Hot on the heels of Kohn was Kenny's. Within weeks of the first transaction, the bookshop in Galway was taking its first tentative steps online after which it was joined by a small Seattle-based start-up called Amazon – the first book that site sold was the snappily titled Fluid Concepts and Creative Analogies: Computer Models of the Fundamental Mechanisms of Thought by Douglas Hofstadter. The Irish Times also went online that year. A year later eBay came to the party by which time big enterprises were falling over themselves to have an online presence.
Fast forward a decade and side-stepping all manner of online innovations and bubbles to the invention of Cyber Monday. It was brought to life in 2005 by a US website called shop.org, a business which – almost certainly – had no idea it was inventing anything of note at the time. All it did was issue a press release which said that while “traditional retailers will be monitoring store traffic and sales on Black Friday, online retailers have set their sights on something different: Cyber Monday, the Monday after Thanksgiving, which is quickly becoming one of the biggest online shopping days of the year.” The reason that Monday was such a big shopping day was because it was the day Americans returned to work and could use the better internet access of their offices to make their purchases. The notion did not take off in this part of the world immediately and it wasn’t until November 2007 that Cyber Monday got its first mention in this newspaper.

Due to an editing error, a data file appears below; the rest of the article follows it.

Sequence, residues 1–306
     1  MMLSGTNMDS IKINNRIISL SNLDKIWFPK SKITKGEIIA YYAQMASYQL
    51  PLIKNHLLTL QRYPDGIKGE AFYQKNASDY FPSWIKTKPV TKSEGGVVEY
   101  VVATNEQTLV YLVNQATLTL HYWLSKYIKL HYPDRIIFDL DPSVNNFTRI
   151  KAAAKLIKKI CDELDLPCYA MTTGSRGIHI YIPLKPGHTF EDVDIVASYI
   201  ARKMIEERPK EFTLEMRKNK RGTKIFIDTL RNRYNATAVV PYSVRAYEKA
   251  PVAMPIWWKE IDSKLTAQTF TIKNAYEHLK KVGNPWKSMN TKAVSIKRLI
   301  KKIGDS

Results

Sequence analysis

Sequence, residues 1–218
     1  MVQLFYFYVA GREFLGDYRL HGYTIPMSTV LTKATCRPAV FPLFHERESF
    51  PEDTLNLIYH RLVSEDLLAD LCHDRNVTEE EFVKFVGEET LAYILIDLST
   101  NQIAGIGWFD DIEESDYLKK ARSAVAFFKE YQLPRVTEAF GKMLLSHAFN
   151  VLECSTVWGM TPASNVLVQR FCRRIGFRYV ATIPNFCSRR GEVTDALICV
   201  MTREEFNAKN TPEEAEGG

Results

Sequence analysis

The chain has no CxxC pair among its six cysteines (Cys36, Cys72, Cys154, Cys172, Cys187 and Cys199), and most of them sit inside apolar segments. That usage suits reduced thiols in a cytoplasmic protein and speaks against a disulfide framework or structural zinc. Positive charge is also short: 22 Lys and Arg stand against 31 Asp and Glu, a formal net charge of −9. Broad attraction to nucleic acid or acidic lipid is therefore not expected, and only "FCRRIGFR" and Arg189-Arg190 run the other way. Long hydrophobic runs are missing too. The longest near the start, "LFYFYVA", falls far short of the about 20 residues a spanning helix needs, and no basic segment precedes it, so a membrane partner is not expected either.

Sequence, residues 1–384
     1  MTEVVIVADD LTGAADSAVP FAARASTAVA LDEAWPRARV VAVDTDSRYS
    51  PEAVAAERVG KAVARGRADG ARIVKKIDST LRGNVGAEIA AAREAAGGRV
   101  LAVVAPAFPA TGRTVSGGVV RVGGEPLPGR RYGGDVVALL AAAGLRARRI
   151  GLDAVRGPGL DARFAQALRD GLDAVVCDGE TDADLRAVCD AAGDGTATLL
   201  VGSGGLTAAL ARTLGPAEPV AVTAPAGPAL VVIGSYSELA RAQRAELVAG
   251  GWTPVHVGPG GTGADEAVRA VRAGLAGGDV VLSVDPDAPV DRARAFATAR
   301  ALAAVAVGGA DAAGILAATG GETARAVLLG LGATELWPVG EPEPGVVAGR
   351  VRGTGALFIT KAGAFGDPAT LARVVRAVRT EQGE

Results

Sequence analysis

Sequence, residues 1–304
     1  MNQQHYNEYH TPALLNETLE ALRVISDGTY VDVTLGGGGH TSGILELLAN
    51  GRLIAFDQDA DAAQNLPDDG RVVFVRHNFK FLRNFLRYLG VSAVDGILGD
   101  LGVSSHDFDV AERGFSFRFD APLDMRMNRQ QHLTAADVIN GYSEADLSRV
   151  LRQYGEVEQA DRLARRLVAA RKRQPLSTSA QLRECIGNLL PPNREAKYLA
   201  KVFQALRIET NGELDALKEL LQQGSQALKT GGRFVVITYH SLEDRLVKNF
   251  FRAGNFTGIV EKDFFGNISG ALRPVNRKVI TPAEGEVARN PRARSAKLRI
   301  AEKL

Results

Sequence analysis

Black Friday came after that, at least in this part of the world, although it has a much longer – if more confused – back story. The origins of the day are disputed. The term may have been coined after a gold deal went disastrously wrong in the 19th century and prompted riots on the streets and forced the police to pull a long Friday shift they called Black Friday. Or maybe it was so-called in honour of the crowds that took to the streets of US cities on the Friday after Thanksgiving which falls on the last Thursday of November or because it was the busiest shopping day of the year and marked the moment retailers went from the red into the black.
What is not disputed is that it has no business being in Ireland and would not be here were it not for the twin forces of Amazon and Asda. The former rolled out Black Friday in this part of the world 11 years ago to little or no acclaim. But then the Walmart-owned Asda had a Black Friday event in its physical stores in the UK on the last Friday in November. People went wild for it. Literally. There were riots in the TV aisles up and down the land as people fought over cheap tellies and the like.